City council members conducted a public hearing Monday that allows them to apply for a $6.5 million low-interest loan from the Illinois Environmental Protection Agency to fund the next two steps of a major, multi-year sewer project.
There were less than a handful of people present at the hearing, which allowed for questions from the public to be submitted to the IEPA. Bob Kohlhase, a Farnsworth Group engineer who has been working with the city, explained the project.
Once awarded, the largest portion of the money will go for a major upgrade at the sewer plant, which has not had any improvements since 1982. Around $5.5 million of the loan money is earmarked for those upgrades.
They will be replacing the headworks, which will screen out pebbles, sticks, bottles and anything else that shouldn’t be getting into the treatment system. New internal pump stations will be added and the digester will be converted from anaerobic to aerobic, in order “eat” organics. A new blower system is scheduled for the lagoons and concrete structures throughout will be fixed. Systems will be computerized and automated and control panels are to be replaced. Also, a new effluent meter will be added to help get more accurate flow measurements.
The changes will make the plant more efficient and allow for greater capacity by taking storm water out and also keeping grit and other solids from clogging it up.
One of the 11 sanitary and storm sewer separation projects also will be paid for and completed under the loan. The Whittier Street project will take $1 million to complete and will divert 307 more acres of storm water runoff.
Two of the 11 separation projects already have been done by city workers on East West Street and Seminary Street, which diverted 44 acres of runoff from the east side of town.
For the Whittier Street project, 1,800 feet of 48-inch pipe will be run through town, picking up inlets as it goes. The new water collection system will be reestablishing the natural drainage way, eventually getting the extra storm water to the Ellis Branch Creek of the Little Vermilion River and keeping it out of the sewer plant.
This is the largest of the 11 separation projects, which are being completed in stages, including the sewer plant upgrade. It will be 15 more years before the other nine projects are done.
The $6.5 million loan will be paid off through bi-annual payments for 20 years at a rate of 1.925 percent. As part of the application process, the city agreed they would be willing to increase residents’ sewer bills up to $5 more, if they need to in the future to help make payments.
Residents have already started helping to fund some of the multi-year separation project and sewer plant upgrade by beginning to pay an additional $8.40 on their sewer bills two years ago. There was already a $5 sewer charge existing then, bringing the total charge to $13.40.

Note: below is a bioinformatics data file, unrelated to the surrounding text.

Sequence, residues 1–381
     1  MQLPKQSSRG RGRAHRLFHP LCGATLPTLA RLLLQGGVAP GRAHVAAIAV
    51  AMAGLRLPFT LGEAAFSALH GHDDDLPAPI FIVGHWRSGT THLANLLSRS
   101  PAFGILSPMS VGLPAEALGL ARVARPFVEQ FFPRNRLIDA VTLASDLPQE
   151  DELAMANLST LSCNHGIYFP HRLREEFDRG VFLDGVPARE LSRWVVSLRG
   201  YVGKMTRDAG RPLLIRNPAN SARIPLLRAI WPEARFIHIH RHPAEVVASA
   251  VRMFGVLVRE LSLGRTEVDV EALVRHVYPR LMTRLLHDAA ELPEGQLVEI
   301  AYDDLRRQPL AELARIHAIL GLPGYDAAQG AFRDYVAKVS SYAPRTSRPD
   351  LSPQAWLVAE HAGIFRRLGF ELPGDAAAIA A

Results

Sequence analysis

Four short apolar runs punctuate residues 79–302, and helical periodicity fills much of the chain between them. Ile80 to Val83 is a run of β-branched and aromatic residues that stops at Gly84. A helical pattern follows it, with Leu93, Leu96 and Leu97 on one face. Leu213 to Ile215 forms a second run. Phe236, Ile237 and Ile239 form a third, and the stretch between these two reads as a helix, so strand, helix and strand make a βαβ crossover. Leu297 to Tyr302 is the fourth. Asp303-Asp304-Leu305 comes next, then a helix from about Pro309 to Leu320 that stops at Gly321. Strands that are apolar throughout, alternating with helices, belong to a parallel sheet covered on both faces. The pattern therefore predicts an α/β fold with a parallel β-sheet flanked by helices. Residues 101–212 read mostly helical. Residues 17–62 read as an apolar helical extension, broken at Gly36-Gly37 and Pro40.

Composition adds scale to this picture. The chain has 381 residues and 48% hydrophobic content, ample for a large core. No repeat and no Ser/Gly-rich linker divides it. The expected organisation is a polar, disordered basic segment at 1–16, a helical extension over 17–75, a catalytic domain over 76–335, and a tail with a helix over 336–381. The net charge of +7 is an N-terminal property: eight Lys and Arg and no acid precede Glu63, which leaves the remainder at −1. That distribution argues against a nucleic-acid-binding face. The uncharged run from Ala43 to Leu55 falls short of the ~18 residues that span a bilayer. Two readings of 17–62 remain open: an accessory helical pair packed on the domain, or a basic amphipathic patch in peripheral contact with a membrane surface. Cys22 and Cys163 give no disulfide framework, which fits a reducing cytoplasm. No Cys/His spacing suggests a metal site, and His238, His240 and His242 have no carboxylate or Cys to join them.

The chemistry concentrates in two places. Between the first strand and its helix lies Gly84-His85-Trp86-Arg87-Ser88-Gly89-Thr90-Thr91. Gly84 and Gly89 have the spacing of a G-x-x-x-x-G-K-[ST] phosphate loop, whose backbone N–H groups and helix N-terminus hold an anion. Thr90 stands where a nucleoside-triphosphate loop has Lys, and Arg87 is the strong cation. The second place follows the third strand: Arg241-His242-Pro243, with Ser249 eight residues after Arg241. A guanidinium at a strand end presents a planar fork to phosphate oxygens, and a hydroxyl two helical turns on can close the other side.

All of that $13.40 per bill goes into a separate fund that has paid for most of the engineering fees for the project thus far, more than $400,000. If the IEPA loan is secured, money will come from that fund to help make the payments on it.
Aldermen approved a separate increase for water and sewer bills earlier this month, but the extra money collected from that is unrelated to the multi-year water and sewer infrastructure project. Funds raised from the extra 50 cents on water and 50 cents on sewer bills monthly is to help keep up with normal operating costs at the sewer and water plants and increases there for things like electricity and chemicals.
Mayor Dennis Lucas said having residents pay more toward the sewer infrastructure upgrade is not something the city wants to do and they hope to not have to, but are willing to if necessary.
The IEPA has mandated that the city have a plan in place to separate the sewers and upgrade the plant and be working toward completing it.
Construction on the projects would likely not begin until late summer or fall 2013.
In other business, aldermen:
Conducted their last meeting with Cathy Jenkins, alderman Ward 1, who recently won a District 4 County Board seat. Jenkins was appointed to a two-year alderman term in 2009 and won her current seat in spring 2011, which expires this April.
“It’s been a great experience,” said Jenkins.
She said she is proud the council has been mindful of budgets and has been able to work together during her tenure. She’s also glad that the sewer project is on track.
“She’s done an outstanding job,” said Lucas. “I can’t say enough about her. I hate to lose her, but I support her stepping up to the county board.”
Lucas said he doesn’t have anyone in mind to fill the vacancy for the southeast part of town, but will move cautiously in doing so if interested parties come forward.
“I may leave it empty, vacant,” Lucas said. “It just depends.”
The treasurer’s position also will become vacant on Nov. 30 with the resignation of Sherry Serd. Lucas said he does have someone in mind for that spot and may appoint that person sometime in December.
Georgetown City Council meets at 7 p.m. Dec. 3 at the city hall.